Law School Case Brief
People ex rel. Goldberg v. Gordon - 199 Colo. 296, 607 P.2d 995 (1980)
A license to practice law is a proclamation to the public that the holder thereof is one to whom a member of the public may, with confidence, entrust his professional matters, with the assurance that in the performance of legal services the lawyer will perform the basic legal tasks undertaken, competently, ethically, and in accordance with the highest standards of professional conduct. The public, therefore, has every right to except that one who has demonstrated through professional misconduct a lack of minimal professional competence required of attorneys, shall be appropriately disciplined.
A client lodged a formal complaint against Attorney Robert M. Gordon, Jr. with the grievance committee. The attorney had opened the decedent's estate in probate, although all of his assets were owned in joint tenancy with the client. When the attorney became aware that probate of the estate was unnecessary, he demanded an additional and excessive sum of $400 from the client before he would close the estate. The attorney also attempted to obtain a $5,000 promissory note secured by a deed of trust on her home as security for the $400 fee. Further, the attorney claimed an attorney's lien on the client's stock shares that had been delivered to him for estate processing and refused to release the certificates until the client paid him the $400 fee. The grievance committee concluded that the attorney was not competent to practice law and recommended that the attorney's license to practice law be suspended for a period of three years.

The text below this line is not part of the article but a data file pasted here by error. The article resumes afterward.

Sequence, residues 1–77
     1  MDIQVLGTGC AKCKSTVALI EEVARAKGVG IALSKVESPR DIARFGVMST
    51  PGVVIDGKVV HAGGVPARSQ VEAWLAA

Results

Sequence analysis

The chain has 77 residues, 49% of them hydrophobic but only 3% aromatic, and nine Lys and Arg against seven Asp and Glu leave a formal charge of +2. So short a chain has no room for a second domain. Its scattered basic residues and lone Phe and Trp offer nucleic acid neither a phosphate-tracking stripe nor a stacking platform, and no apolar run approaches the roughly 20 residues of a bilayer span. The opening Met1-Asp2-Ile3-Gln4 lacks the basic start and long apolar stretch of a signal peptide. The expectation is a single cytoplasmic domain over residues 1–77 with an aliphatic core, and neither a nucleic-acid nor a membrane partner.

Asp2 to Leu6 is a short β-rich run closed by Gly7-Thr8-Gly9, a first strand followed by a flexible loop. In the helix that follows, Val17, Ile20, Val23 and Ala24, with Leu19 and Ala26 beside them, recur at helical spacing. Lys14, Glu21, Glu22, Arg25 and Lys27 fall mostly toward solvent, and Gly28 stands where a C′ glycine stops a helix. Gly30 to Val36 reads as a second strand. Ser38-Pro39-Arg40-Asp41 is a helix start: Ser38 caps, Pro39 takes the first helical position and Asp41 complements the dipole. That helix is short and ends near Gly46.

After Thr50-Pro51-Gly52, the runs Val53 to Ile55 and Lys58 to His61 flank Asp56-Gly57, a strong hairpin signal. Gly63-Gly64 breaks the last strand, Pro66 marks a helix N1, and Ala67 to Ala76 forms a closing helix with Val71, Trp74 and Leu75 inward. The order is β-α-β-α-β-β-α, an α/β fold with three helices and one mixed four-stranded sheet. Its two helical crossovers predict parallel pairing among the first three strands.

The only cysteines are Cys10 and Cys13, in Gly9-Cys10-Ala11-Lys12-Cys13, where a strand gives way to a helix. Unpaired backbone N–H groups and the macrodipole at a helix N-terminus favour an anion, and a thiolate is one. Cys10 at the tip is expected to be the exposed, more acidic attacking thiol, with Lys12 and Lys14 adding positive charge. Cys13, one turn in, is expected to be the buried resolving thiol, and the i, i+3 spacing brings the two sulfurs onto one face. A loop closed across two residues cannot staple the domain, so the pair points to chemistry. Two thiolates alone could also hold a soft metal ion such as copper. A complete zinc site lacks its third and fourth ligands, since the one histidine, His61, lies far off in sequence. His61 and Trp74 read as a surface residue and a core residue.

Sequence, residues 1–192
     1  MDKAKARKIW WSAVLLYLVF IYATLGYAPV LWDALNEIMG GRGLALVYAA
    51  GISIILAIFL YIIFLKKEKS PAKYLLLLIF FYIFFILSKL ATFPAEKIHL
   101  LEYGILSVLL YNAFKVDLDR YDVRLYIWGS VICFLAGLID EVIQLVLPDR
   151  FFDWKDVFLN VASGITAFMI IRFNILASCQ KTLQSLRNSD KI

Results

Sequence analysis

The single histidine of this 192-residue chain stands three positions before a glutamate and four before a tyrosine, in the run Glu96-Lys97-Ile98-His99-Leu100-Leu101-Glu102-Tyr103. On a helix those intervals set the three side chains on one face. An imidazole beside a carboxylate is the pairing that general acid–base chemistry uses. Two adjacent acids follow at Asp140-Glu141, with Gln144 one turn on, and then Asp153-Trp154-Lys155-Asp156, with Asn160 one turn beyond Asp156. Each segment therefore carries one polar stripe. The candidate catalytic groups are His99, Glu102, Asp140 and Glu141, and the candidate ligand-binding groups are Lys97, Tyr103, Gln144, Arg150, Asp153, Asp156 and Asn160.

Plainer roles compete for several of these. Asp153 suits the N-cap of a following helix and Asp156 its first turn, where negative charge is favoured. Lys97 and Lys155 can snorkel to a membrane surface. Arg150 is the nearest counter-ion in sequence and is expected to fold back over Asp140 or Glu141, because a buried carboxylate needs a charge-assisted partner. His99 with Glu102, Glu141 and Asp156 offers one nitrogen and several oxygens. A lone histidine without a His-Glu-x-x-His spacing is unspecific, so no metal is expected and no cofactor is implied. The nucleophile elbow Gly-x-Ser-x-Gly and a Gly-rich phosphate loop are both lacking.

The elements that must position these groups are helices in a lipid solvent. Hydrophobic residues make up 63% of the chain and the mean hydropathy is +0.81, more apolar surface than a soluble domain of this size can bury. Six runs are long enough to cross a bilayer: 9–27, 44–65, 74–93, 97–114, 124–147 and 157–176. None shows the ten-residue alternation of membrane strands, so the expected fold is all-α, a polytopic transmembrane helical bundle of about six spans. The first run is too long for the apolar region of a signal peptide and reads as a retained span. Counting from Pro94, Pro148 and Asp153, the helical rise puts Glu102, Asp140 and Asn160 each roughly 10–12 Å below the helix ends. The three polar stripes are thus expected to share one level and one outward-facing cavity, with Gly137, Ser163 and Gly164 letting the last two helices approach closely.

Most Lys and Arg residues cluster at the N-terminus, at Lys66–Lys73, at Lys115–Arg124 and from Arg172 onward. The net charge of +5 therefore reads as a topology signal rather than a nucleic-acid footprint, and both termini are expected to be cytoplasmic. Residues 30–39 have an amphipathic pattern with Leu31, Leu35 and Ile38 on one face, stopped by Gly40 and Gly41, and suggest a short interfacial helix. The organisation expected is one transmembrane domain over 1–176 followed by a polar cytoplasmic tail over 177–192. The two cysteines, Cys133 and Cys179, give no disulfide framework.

Were the Grievance Committee’s findings and conclusions concerning defendant’s unprofessional conduct and general incompetence to practice law amply supported by the evidence?
The Court held that the Grievance Committee’s findings and conclusions concerning defendant’s unprofessional conduct and general incompetence to practice law were amply supported by the evidence. The Grievance Committee recommended that respondent's license to practice law be suspended for a period of three years, and that it be reinstated only upon a showing that respondent has attained a level of competence adequate to justify the reissuance of a license, including satisfaction of all requirements of the Board of Law Examiners for initial admission to the bar, including satisfactory completion of the bar examination. According to the Court, the public has a right to except that a lawyer who has demonstrated through professional misconduct a lack of minimal professional competence required of lawyers, shall be appropriately disciplined.
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